“The Babel fish is small, yellow and leech-like, and probably the oddest thing in the Universe…if you stick a Babel fish in your ear you can instantly understand anything said to you in any form of language.” – Douglas Adams
“How many years since I heard this ancient tongue/A loving murmur, understood by none.” – Nautilius Pompilius, “Atlantis”
Who among us has not wished for a magical earworm with which to understand the friends, family and coworkers who (allegedly) share our own language, much less those who speak a different one? The funny thing about the Babel fish is that it isn’t really a magical animal—it’s a perfectly evolved, algorithm-like creature that converts sound waves into electricity, and then back into intelligible speech. It even logically disproves God’s existence! Although written B.I. (Before Internet), the purely material nature of Adams’ Babel fish still presents an interesting question for those of us who translate: Is the goal of translation a perfect transposition of words from one context to another, or does the allusion to Babel suggest a more fundamental desire for a restoration of human communion, lost or squandered across time and space? This may seem like a distinction without a difference (after all, why can’t it be both?), but maybe the better question is, is a restoration of common understanding possible through purely material, mechanical means—which seems to be the promise of algorithms like Google Translate?
While the closest thing we currently have to the Babel fish resides in our pockets rather than in our ears, it is true that, for the most part, Google Translate works pretty well when you find yourself in a new country and you need to read a menu. I still reach for my hardback dictionary, though, when sitting down to translate something. Why do I still reach for my Oxford doorstopper rather than for the (usually) highly accurate internet options available? The problem, at least for me, continues to be that no word resides in a grammatically pristine isolation chamber. Words may be legible to an algorithm either individually or in small strings, but language is inhabited and haunted by history, religion, and even geography. At another level, does the desire for instant translation itself demand a flattening of real differences between humans: Should a Japanese man who has lived in Tokyo all his life be able to immediately understand a Swahili-speaking woman from Mozambique? Or, would this actually be a false kind of understanding—a pure linguistic exercise completely abstracted from time, place, and experience, and thus devoid of the meanings that lie behind the bare word?
Perhaps this is just pure Luddite thinking on my part (this was never actually intended to be a screed against machine learning), and maybe the machines will eventually replace human translators. If we are stuck, at least for now, with the often wobbly efforts of humans, what is to be done? If translation is a process of understanding, or even unveiling, then human involvement in that process makes it by definition unreliable and prone to manipulation. You have to read a text through someone else’s eyes, which requires a good deal of trust: How do you know that my understanding is correct? Would you trust me more or less if I told you that the song lyric translated at the top of this post is not a perfect one-to-one reproduction, and that I fooled around with the syntax to try to preserve some of the original rhyme and meter? Although I have very little practical advice, the thoughts below are some preliminary attempts at balancing veracity and meaning in translation.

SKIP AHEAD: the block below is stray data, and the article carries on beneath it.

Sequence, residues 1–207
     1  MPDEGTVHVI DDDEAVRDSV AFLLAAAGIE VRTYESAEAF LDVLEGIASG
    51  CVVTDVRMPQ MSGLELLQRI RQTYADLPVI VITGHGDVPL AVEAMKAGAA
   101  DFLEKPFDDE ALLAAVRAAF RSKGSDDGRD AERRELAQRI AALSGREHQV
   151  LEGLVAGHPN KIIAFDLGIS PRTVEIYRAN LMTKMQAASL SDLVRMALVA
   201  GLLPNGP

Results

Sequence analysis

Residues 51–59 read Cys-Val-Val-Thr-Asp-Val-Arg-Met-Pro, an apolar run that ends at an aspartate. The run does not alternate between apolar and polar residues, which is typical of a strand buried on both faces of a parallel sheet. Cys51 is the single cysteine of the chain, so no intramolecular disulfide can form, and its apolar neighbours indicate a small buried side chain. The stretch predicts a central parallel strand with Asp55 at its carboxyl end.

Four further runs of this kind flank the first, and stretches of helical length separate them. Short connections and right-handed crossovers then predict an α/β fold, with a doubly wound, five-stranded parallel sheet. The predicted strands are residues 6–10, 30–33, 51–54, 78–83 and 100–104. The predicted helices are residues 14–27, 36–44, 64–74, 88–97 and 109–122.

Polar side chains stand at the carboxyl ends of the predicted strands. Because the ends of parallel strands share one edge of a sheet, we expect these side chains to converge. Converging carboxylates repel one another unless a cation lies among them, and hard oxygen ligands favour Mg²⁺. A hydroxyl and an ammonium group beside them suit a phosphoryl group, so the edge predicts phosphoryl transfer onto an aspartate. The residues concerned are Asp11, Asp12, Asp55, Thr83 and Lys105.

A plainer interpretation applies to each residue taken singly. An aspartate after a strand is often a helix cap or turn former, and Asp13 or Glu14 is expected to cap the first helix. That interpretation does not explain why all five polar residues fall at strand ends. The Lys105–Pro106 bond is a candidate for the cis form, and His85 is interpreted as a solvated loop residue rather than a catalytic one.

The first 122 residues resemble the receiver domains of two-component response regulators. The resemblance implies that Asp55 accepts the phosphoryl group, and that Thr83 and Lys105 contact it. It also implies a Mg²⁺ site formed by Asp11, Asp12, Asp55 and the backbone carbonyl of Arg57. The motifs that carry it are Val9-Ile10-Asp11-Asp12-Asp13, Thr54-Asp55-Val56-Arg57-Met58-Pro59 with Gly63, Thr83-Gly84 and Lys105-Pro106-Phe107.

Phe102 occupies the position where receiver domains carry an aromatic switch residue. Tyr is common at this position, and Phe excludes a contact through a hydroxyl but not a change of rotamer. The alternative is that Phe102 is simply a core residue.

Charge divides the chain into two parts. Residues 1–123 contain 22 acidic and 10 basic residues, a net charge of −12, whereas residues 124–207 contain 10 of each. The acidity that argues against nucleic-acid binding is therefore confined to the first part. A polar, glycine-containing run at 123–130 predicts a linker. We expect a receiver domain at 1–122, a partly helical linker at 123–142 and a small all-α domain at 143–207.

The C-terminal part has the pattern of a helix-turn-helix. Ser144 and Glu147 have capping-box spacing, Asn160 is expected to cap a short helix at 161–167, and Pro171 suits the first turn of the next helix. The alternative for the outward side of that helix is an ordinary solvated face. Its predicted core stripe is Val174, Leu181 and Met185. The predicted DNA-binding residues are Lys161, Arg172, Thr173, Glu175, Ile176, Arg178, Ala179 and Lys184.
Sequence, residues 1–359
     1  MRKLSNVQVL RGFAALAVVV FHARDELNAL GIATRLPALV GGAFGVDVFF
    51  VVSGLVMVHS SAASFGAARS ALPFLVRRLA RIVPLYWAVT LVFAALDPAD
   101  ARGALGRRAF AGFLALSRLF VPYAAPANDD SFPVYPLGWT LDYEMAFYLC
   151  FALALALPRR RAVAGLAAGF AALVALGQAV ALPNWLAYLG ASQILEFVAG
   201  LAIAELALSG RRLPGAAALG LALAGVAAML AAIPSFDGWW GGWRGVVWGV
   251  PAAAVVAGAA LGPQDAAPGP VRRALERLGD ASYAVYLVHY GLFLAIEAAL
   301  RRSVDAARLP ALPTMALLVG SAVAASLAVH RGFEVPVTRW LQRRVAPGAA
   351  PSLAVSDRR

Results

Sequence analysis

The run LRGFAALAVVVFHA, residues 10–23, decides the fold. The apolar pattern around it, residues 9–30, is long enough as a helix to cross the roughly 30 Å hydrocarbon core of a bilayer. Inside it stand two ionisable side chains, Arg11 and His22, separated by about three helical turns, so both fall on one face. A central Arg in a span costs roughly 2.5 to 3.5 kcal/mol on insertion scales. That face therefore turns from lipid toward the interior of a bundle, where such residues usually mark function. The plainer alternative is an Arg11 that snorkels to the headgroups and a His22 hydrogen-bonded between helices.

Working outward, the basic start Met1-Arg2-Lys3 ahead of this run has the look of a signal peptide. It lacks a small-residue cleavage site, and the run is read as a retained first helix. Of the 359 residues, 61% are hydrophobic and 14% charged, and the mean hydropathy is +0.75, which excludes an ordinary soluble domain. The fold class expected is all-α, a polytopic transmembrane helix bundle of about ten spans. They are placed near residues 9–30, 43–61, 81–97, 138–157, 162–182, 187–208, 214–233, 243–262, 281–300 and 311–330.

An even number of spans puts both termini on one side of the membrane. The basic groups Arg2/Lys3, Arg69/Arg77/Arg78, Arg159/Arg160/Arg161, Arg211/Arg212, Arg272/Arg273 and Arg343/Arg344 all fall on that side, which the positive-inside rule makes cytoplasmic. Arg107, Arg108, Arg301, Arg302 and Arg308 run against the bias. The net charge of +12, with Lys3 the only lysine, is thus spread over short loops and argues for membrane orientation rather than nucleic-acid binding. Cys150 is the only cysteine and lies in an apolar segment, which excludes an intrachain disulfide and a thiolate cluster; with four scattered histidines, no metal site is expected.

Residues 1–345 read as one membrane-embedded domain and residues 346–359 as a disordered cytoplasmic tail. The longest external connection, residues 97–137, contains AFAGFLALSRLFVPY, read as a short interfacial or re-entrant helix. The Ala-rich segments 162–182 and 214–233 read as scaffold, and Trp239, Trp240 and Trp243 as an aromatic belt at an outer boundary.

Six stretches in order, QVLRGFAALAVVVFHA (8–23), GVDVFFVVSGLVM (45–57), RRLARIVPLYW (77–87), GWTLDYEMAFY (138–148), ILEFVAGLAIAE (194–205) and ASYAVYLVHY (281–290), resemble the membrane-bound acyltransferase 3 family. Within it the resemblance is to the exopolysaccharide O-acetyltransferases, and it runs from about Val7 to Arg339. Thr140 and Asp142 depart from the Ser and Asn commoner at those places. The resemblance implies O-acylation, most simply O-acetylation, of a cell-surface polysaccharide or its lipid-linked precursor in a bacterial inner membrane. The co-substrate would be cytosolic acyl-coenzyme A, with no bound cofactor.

How visible is the translator? You may be relying on the translator’s guidance, but you shouldn’t have to think about him very often. Clunky or anachronistic vocabulary (both of the too archaic and too trendy varieties) is often a tell. Nineteenth century translations of Latin and Greek works are infamous in part because of their overreliance on dictionaries that provided highly stylized recommendations for entire chunks of text. At the same time, if your translation of Cicero reads like it came off of Twitter…yikes, chief!
Is the translation trying to be completely exact? One translator of classical poetry identifies a “spirit behind the word and dominating the word which eludes the ‘faithful’ translator….” Now, the only thing worse than reading a translation is reading a review of a translation, BUT if a particular translator is promising exact faithfulness, it’s a decent bet that they miss the “dominating spirit.” This, unfortunately, is something of a trend at the moment, so seeking out older translations published between the 1920s and the 1970s can help to correct for this sometimes mechanistic approach.
While I don’t really recommend reading reviews of translations (at that point, you might as well go ahead and just learn the language—it’s more rewarding and less painful), it helps to know something of the author. Dostoevsky, for instance, is famous for a hectic, feverish writing style, as if he couldn’t get what was in his head down onto paper fast enough. If the translation of Crime and Punishment in your hands doesn’t make you slightly nervous at the breakneck pace, put it down.
Finally, to return to the beginning of this series of ramblings, do you understand? Not: Can you read the words on the page? Rather, have you entered into someone else’s world? Have they been unveiled to you in some way? If not, then it really is just babbling.
Courtney Ring is a recently-turned freelance editor and translator, specializing in academic publishing and the Russian language. More of her writing and translation can be found in the near future at clringediting.com. In her spare time, she enjoys embroidery, listening to music, and long walks in the woods.